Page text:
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Protocols in place for those fighting wildfires in B.C. amid historic heat wave

Crews have been instructed to take more frequent breaks, every 30 to 60 minutes, to avoid heat stroke.

Record-breaking temperatures have given many in B.C. an excuse to stay inside with the air conditioner on or head to the beach — but for those fighting wildfires in the province, things are really heating up.

Wildfire season is in full swing and, in this unprecedented heat, the BC Wildfire Service (BCWS) is working to keep its crew members safe.

Fire information officer Madison Smith says this heat wave's extreme temperatures make fighting fires even more difficult.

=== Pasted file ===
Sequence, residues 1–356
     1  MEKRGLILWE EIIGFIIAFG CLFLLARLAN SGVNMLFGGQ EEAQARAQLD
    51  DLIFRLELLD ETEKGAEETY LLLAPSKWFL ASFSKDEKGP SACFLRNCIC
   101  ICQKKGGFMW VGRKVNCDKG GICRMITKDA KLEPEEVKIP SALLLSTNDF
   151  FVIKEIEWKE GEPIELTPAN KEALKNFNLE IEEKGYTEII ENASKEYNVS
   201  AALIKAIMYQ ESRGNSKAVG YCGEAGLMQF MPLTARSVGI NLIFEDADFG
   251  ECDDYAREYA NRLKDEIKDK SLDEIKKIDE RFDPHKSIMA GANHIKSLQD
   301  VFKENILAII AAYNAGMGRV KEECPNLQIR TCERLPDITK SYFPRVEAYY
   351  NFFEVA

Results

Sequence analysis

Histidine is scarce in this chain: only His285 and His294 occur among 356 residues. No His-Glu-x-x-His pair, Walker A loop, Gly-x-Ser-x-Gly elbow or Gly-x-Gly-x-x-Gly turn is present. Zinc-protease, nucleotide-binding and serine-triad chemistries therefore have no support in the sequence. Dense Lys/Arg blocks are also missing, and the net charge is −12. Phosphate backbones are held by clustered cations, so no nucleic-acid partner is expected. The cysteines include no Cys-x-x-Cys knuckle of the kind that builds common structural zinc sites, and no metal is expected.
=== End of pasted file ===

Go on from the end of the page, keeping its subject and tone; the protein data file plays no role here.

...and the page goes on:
“There's not a lot of reprieve from the heat while you're working on wildfires,” Smith says.

In order to continue fighting these fires, as well as keep emergency responders safe, BCWS says it has modified crew schedules and made water more readily available to personnel who are working in extreme heat.

“They have been instructed to take more frequent breaks. So they're suggesting every 30 to 60 minutes, and hopefully... they can get a bit of shade to rest in as well. As well as a lot of water made available to our crews on the line so that they don't get dehydrated,” she adds.

According to BCWS, safety protocols have also been undated in order to avoid heat stroke among firefighters.

Environment Canada is predicting temperatures in the 40s on Wednesday in the Interior. So far, the heat wave has shattered more than 100 all-time heat records across B.C.

The record-setting temperatures prompted a provincewide campfire ban that went into effect on Wednesday.